"Often quite intentionally sensational in style and content, and reflecting all the limits of instant publication, but, still, a remarkable portrait of an era—and a work of considerable imaginative force."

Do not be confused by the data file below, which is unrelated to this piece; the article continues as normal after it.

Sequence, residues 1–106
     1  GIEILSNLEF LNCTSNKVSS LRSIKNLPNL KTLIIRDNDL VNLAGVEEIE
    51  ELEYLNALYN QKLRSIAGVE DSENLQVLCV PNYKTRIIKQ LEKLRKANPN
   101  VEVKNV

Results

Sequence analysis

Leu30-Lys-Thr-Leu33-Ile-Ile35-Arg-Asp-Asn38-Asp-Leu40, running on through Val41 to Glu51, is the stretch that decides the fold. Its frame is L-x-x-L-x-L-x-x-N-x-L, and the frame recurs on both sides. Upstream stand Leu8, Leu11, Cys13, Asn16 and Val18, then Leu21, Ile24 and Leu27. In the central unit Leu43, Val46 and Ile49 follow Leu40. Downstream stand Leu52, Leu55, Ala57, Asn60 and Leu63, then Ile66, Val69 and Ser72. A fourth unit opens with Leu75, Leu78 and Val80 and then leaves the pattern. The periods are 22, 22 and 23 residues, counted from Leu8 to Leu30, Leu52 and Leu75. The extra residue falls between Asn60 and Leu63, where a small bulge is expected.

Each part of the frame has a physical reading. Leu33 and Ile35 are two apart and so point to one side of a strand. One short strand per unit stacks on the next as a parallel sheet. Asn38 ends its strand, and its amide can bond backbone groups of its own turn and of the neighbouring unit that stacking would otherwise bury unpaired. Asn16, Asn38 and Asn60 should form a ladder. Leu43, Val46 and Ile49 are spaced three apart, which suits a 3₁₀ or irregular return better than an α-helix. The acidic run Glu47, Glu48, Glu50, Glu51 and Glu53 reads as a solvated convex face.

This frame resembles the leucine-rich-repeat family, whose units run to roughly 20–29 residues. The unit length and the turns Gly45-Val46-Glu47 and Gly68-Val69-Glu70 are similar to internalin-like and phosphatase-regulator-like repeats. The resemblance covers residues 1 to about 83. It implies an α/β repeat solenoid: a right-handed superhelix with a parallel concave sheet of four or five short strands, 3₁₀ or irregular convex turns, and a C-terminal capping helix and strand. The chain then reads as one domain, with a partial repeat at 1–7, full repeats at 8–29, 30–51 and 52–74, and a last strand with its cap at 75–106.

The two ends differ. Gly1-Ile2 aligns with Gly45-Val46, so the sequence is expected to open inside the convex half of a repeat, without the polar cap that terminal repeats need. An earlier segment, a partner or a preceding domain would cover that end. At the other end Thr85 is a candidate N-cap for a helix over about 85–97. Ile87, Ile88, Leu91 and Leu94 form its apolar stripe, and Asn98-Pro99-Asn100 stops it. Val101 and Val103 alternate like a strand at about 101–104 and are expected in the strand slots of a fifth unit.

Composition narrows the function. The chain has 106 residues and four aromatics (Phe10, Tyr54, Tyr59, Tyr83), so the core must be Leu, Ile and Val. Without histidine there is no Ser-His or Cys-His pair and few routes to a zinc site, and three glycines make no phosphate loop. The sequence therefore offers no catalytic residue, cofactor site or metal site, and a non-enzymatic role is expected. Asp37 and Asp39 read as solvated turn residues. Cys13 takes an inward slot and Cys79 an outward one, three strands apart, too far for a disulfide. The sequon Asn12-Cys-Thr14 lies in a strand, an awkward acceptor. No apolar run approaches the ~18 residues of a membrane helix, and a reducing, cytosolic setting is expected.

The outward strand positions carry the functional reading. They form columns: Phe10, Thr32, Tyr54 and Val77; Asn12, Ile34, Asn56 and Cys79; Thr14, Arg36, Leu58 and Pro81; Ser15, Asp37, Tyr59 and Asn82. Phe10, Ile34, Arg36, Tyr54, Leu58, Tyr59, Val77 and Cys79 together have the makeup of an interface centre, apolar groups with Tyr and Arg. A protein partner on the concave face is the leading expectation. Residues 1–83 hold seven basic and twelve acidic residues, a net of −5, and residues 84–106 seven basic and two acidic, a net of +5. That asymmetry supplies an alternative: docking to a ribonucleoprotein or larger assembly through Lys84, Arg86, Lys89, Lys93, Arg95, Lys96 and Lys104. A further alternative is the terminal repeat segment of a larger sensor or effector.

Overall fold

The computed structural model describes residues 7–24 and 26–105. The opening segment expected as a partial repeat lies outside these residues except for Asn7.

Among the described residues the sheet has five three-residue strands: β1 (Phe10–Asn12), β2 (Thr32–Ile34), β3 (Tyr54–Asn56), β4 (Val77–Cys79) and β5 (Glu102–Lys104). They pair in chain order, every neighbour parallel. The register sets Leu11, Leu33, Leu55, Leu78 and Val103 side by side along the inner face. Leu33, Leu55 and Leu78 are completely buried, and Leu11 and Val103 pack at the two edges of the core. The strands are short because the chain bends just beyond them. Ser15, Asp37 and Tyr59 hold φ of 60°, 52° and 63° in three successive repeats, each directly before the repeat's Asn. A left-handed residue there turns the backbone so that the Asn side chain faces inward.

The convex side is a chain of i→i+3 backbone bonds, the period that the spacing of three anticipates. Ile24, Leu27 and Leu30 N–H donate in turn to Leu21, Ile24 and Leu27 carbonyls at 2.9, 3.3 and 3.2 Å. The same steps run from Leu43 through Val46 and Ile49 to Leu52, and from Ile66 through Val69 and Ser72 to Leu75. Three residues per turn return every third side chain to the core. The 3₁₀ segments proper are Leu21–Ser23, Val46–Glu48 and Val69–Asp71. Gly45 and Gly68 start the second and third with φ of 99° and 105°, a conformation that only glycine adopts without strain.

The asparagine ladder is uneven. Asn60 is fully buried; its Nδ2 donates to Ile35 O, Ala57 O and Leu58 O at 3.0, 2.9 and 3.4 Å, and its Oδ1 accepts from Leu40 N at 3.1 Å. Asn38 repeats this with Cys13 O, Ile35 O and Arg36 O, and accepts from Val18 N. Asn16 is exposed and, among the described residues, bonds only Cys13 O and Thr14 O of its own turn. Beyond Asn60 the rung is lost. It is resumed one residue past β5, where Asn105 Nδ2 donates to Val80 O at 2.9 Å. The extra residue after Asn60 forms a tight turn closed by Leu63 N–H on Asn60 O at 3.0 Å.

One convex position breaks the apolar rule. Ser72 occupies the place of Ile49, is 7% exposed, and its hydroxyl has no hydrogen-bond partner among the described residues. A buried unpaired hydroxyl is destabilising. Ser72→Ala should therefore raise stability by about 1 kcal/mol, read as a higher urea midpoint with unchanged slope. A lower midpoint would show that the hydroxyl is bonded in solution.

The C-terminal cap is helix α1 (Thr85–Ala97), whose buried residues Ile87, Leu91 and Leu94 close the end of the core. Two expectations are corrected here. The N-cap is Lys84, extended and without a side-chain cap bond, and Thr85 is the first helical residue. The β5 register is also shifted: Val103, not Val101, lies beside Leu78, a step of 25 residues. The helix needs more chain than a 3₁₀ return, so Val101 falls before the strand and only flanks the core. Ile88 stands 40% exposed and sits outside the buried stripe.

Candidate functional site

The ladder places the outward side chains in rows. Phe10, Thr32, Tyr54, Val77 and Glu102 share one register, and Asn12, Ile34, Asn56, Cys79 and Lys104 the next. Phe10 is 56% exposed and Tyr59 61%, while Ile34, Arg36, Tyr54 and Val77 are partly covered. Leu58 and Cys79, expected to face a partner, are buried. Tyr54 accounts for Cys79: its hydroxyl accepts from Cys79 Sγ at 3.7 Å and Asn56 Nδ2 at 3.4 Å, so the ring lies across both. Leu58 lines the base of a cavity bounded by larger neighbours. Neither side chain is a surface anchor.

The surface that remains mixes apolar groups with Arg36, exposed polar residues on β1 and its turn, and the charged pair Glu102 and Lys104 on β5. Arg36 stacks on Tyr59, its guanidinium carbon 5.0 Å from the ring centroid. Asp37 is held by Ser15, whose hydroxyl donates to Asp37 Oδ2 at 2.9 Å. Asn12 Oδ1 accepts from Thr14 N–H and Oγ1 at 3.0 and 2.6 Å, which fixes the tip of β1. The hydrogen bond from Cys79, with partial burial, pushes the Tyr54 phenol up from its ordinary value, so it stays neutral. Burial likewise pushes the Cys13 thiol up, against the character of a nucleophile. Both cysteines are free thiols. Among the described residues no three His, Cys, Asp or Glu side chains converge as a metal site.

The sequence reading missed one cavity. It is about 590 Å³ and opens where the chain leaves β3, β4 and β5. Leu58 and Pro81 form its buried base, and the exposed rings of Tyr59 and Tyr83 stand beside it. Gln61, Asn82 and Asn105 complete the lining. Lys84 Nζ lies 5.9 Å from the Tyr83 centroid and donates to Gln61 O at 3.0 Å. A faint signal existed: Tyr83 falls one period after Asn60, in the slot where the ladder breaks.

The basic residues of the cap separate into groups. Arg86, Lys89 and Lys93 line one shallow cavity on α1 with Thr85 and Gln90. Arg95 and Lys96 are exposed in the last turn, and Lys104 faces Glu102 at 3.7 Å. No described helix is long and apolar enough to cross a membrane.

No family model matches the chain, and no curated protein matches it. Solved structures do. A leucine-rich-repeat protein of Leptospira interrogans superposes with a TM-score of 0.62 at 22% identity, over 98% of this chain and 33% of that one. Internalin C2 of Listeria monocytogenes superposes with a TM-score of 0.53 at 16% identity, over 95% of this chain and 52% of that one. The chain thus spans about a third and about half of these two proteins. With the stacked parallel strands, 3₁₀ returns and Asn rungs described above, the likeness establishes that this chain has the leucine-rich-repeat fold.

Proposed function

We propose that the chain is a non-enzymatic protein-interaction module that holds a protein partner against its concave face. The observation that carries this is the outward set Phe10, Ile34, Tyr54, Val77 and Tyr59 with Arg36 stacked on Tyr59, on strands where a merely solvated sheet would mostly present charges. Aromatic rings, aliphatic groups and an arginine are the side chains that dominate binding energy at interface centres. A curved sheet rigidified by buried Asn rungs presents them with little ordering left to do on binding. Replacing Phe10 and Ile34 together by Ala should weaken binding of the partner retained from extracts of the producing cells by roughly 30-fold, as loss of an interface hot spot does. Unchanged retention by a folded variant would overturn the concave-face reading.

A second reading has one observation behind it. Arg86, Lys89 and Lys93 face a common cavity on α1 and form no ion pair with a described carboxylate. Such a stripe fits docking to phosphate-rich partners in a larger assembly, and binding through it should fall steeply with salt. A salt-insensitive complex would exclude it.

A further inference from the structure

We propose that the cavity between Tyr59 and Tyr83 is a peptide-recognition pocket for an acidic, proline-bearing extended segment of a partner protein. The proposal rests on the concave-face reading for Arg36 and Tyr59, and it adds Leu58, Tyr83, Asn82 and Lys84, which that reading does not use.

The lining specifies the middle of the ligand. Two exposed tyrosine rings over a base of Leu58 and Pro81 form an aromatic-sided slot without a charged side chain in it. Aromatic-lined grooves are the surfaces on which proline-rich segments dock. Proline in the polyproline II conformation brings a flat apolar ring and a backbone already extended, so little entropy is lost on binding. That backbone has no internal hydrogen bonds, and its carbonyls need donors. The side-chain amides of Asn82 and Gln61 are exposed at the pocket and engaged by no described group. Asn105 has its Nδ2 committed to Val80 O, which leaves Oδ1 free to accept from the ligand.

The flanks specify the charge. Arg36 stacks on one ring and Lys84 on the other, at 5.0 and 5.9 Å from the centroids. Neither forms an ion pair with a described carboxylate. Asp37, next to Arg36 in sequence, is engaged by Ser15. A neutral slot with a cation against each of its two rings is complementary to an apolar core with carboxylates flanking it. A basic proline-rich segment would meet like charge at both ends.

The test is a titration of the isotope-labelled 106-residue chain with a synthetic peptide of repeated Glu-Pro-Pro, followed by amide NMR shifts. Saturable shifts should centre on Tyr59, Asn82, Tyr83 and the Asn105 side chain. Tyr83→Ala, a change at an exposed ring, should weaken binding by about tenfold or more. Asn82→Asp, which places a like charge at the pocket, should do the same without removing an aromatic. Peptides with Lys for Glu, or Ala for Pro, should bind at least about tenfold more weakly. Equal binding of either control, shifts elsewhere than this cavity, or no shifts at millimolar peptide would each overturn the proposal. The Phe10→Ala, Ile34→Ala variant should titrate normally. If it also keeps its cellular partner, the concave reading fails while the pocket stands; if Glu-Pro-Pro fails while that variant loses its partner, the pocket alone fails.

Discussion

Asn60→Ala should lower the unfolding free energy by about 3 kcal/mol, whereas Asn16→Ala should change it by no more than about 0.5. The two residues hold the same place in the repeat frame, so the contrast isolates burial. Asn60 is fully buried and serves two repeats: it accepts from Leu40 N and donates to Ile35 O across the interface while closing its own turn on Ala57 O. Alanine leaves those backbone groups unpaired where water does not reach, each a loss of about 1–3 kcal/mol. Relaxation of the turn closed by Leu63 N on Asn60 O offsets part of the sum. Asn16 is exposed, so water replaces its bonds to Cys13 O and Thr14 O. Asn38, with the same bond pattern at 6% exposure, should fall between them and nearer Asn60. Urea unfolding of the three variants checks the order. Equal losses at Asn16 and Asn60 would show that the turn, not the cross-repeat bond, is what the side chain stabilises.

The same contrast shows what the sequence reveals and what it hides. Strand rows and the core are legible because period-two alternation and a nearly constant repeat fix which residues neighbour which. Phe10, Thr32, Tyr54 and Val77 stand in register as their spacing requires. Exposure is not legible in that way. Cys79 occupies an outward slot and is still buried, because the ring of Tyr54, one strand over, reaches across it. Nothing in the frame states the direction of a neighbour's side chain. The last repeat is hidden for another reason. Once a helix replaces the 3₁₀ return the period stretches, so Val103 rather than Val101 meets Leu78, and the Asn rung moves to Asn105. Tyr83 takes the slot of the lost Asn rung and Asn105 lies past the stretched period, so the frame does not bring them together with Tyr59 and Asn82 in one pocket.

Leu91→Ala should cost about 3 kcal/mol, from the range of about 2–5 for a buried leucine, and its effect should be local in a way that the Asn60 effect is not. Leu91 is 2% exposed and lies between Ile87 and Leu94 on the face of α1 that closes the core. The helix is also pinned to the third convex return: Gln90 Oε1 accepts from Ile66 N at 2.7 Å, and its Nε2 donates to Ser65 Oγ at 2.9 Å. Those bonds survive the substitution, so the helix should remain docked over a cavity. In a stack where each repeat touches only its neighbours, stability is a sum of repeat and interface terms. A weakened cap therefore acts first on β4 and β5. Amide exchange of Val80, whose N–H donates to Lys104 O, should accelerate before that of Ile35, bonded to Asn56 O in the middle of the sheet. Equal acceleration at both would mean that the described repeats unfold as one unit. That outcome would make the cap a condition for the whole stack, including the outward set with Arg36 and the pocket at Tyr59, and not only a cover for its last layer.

The first appearance in book form of the serialized fiction of the late black satirist and journalist Schuyler that ran, between 1936 and 1938, in the Pittsburgh Courier under the pen-name of ``Samuel I. Brooks.'' Divided into two parts—Black Internationale: A Story of Black Genius Against the World and Black Empire: An Imaginative Story of a Great New Civilization in Modern Africa—the book is part utopian in vision, part satirical, and part an eloquent indictment of white racism.
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